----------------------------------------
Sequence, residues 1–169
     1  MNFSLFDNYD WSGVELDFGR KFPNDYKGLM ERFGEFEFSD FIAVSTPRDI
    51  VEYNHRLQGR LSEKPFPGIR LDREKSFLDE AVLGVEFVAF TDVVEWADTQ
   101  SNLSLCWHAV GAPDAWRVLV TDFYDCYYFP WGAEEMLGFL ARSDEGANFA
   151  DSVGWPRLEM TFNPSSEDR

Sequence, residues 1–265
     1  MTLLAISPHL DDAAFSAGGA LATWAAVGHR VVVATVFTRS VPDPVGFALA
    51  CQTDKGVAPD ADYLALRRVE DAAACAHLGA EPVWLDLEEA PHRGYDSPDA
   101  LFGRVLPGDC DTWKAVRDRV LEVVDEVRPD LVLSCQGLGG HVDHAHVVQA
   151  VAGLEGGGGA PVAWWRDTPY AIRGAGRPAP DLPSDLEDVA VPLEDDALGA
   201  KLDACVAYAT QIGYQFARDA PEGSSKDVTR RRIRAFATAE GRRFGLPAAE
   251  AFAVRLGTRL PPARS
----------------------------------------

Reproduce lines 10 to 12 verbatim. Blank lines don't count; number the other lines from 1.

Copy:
   151  VAGLEGGGGA PVAWWRDTPY AIRGAGRPAP DLPSDLEDVA VPLEDDALGA
   201  KLDACVAYAT QIGYQFARDA PEGSSKDVTR RRIRAFATAE GRRFGLPAAE
   251  AFAVRLGTRL PPARS